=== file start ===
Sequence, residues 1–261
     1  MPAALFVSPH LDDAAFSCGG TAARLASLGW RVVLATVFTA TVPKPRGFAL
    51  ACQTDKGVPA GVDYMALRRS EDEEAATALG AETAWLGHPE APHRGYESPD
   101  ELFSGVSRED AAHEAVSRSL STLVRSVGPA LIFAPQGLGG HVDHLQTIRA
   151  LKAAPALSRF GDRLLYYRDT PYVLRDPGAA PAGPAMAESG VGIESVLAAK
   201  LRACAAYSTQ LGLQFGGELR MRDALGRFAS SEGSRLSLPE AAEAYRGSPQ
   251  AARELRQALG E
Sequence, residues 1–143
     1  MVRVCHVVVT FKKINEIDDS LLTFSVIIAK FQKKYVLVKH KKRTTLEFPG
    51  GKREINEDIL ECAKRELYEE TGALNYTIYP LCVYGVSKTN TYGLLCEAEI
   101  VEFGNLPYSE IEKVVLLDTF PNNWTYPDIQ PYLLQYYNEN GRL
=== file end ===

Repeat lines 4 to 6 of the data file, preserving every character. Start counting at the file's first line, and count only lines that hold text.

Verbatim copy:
   101  ELFSGVSRED AAHEAVSRSL STLVRSVGPA LIFAPQGLGG HVDHLQTIRA
   151  LKAAPALSRF GDRLLYYRDT PYVLRDPGAA PAGPAMAESG VGIESVLAAK
   201  LRACAAYSTQ LGLQFGGELR MRDALGRFAS SEGSRLSLPE AAEAYRGSPQ